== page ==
It was a somber message the Insurance Bureau of Canada delivered in Calgary this week.
Changing weather patterns in Canada mean things are going to get rougher not better in the natural disasters front. The news does not bode well for Alberta.
The province already has an intimate history with disasters - natural and man-made - and last year accounted for the majority of the insurance claims in the entire country.
And still, IBC president Don Forgeron said brace up. It's going to get worse... a lot worse.
Alberta is a young province and only accounts for one tenth of the Canadian population but by virtue of being downwind of the Rockies, a long history of mining and vast, open prairie, it is a veritable breeding ground for disaster.
Hundreds of homes were shredded or flattened by a tornado that ripped through Edmonton in 1987. Dozens were killed, hundreds injured.
A wildfire that was allowed to burn through millions of Alberta acres in 1950 was responsible for what became known as the "Great Smoke Pall." The fire burned so fiercely, quickly and for so long that it created a dark mantle of smoke that floated to high in the atmosphere that it turned day to night as far as the eastern sea board and that was visible as far as western Europe. But what made it such a phenomenon was that because of its altitude, there were none of the usual characteristics of a smoke cloud. There was no ground-level haze and there was no smokey smell or irritated eyes, only a sudden darkening of entire city skies.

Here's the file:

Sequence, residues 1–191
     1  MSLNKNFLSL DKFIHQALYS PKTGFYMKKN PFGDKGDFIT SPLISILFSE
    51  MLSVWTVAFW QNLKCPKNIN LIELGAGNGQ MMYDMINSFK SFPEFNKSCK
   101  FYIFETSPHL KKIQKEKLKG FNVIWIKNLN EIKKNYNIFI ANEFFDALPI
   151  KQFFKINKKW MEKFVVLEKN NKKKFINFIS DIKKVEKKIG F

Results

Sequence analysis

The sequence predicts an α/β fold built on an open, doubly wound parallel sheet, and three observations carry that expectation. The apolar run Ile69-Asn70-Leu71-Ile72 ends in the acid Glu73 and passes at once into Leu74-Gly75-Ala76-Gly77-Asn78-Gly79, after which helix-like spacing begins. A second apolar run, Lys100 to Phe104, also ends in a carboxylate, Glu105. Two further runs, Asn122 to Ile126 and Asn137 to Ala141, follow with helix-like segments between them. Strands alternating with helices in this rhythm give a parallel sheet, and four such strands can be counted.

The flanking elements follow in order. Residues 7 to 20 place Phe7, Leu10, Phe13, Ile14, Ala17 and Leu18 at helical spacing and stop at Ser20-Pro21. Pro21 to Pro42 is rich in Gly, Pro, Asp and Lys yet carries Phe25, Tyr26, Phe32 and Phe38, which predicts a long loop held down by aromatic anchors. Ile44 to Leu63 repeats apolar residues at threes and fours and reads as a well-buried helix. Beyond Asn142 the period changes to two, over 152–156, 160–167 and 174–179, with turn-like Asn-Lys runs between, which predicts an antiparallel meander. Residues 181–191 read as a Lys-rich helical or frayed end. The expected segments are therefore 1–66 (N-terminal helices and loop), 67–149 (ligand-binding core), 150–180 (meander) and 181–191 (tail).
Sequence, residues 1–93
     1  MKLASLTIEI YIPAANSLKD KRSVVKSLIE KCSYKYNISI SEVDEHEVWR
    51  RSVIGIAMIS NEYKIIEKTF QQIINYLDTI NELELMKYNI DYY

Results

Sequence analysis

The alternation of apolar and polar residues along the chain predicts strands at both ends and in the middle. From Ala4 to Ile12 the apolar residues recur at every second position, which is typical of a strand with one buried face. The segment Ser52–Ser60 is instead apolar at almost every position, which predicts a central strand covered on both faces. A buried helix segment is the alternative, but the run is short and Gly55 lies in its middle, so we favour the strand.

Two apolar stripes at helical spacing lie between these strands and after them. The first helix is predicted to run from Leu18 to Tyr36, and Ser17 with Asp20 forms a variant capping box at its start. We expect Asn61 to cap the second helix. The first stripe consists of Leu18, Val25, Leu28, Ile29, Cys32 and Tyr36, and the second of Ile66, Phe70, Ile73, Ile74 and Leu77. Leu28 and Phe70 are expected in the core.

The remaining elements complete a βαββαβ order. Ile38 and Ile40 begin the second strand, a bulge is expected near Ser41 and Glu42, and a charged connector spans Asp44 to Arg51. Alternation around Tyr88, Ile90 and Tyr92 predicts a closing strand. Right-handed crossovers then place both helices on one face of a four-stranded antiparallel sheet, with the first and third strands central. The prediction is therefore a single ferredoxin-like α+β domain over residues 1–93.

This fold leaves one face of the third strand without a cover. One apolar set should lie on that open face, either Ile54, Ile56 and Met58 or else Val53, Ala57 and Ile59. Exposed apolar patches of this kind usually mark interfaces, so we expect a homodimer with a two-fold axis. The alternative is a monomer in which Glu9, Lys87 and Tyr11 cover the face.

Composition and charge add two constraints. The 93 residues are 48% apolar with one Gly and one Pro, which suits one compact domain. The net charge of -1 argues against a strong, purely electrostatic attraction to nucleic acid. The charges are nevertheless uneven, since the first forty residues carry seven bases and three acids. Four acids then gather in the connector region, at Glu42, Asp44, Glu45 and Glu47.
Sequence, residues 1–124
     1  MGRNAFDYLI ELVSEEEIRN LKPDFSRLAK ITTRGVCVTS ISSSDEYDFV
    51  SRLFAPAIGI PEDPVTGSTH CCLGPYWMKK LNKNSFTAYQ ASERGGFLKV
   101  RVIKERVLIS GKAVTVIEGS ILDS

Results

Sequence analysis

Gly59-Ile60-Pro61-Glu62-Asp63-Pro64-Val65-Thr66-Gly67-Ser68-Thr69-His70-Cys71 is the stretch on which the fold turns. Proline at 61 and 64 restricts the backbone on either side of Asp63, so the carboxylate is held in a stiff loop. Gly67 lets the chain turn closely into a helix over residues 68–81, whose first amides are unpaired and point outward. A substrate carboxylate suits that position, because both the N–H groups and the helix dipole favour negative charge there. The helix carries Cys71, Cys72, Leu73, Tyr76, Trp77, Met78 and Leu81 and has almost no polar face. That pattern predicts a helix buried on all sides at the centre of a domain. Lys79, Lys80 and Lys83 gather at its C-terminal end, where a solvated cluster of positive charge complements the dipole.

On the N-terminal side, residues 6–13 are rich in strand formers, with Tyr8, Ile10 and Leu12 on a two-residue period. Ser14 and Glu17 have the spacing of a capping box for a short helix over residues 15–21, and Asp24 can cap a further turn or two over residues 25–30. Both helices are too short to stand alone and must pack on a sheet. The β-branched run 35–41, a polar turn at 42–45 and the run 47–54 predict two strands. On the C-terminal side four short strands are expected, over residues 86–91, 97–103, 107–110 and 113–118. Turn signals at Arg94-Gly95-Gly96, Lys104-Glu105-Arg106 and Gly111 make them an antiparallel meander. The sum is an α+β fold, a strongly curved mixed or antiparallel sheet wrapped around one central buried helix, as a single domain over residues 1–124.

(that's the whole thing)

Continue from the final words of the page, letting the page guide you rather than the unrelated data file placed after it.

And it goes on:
There's also the dust bowl of the Dirty Thirties, which sent thousands fleeing the province and which, to a great degree, to this day shape Alberta's socio-economic and political consciousness.
Then there's Frank Slide, a disaster like none other in Canadian history.
Click through the slideshow below for the worst disasters in Alberta's history.